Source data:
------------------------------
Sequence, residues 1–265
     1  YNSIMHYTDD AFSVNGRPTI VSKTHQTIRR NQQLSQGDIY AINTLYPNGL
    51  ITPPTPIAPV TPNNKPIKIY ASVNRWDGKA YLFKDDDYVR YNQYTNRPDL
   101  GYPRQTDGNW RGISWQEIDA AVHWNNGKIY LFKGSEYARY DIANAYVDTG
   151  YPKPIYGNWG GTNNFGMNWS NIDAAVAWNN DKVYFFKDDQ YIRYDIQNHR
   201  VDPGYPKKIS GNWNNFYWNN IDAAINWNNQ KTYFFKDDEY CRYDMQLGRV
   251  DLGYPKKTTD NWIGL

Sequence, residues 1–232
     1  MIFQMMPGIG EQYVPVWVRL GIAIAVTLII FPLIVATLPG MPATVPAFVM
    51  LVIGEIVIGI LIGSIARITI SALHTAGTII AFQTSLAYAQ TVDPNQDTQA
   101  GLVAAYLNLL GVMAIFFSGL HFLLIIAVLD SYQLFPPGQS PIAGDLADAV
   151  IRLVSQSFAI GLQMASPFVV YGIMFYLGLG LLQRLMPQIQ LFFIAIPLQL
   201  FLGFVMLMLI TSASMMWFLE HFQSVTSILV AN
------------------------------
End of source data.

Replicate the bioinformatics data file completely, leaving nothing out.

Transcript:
Sequence, residues 1–265
     1  YNSIMHYTDD AFSVNGRPTI VSKTHQTIRR NQQLSQGDIY AINTLYPNGL
    51  ITPPTPIAPV TPNNKPIKIY ASVNRWDGKA YLFKDDDYVR YNQYTNRPDL
   101  GYPRQTDGNW RGISWQEIDA AVHWNNGKIY LFKGSEYARY DIANAYVDTG
   151  YPKPIYGNWG GTNNFGMNWS NIDAAVAWNN DKVYFFKDDQ YIRYDIQNHR
   201  VDPGYPKKIS GNWNNFYWNN IDAAINWNNQ KTYFFKDDEY CRYDMQLGRV
   251  DLGYPKKTTD NWIGL

Sequence, residues 1–232
     1  MIFQMMPGIG EQYVPVWVRL GIAIAVTLII FPLIVATLPG MPATVPAFVM
    51  LVIGEIVIGI LIGSIARITI SALHTAGTII AFQTSLAYAQ TVDPNQDTQA
   101  GLVAAYLNLL GVMAIFFSGL HFLLIIAVLD SYQLFPPGQS PIAGDLADAV
   151  IRLVSQSFAI GLQMASPFVV YGIMFYLGLG LLQRLMPQIQ LFFIAIPLQL
   201  FLGFVMLMLI TSASMMWFLE HFQSVTSILV AN